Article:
Monday, July 23, 2007

Theo Angelopoulos (1935-)

Sierra Club


Borders for me are not geographical concepts, and I don't mean that there are borders in the sense of artistic limits, either.... Borders are simply divisions, between here and there, between then and now. In this film it is a question of a division between life and death. It's a demarcation line: a dying man, his last day. How do you pass your last day? What can still happen to us? What will we do with the hours that remain? Do you think back you've lived? Or do you allow yourself to drift, expose yourself to all coincidences, follow someone, open a window, meet a new person, open yourself to anything that comes, to the unexpected coming-together of the-unconnected, which then turns out to connect, after all?


Please browse our Amazon list of titles about Theo Angelopoulos. For rare and hard to find works we recommend our Alibris list of titles about Theo Angelopoulos.


Films: Theo Angelopoulos
COPAC UK: Theo Angelopoulos
Library of Canada: Theo Angelopoulos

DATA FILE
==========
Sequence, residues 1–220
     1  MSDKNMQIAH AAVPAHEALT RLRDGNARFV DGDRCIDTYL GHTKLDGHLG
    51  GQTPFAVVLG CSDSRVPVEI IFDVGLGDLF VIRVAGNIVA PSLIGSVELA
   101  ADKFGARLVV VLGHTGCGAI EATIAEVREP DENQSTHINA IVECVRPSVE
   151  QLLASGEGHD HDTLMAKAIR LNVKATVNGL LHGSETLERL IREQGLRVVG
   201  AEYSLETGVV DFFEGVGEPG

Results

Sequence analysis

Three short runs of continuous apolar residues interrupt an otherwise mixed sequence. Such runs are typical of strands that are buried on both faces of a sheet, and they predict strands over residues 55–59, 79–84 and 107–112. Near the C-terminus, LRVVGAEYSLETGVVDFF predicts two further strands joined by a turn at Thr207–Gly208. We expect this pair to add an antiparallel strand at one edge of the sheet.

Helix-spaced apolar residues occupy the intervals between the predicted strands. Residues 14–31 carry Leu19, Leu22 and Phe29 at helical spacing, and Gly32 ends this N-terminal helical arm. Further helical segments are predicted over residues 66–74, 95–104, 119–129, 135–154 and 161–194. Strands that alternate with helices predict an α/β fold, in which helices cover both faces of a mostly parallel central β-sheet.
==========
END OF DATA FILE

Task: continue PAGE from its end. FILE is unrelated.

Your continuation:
Other Library Catalogs: Theo Angelopoulos
Library of Congress: Theo Angelopoulos


Theodoros Angelopoulos (born April 27, 1936) is a noted Greek film director.

He studied law in Athens but after military service he went to Paris to attend the Sorbonne. He soon dropped out to study film at the IDHEC before returning to Greece. Back home he worked as a journalist and film critic until the coup.

He made his first short film in 1968 and went on in the 1970s to make long films concerned with modern Greece - Meres Tou 36, O Thiassos and I Kynighoi. He quickly established a characteristic style, marked by slow, episodic and ambiguous structure and long, "sequence shot" takes. He moved into less political works after the end of the dictatorship, gaining Italian funding.

His distinct visual style is characterised by very slow, long, meticulous takes. The Travelling Players for example, consists of around 80 shots in about four hours of film.
His collaborators include the cinematographer Giorgos Arvanitis, and the composer Eleni Karaindrou. Karaindrou's soundtracks are available from ECM records.

The film critic David Thomson counted Angelopoulos as one of the world's greatest living directors in his 1994 Biographical Dictionary of Film.

FilmographyThis article in part is licensed under the GNU Free Documentation License and uses material adapted in whole or in part from the Wikipedia article on Theo Angelopoulos.]

Books from Alibris: Theo Angelopoulos

No comments: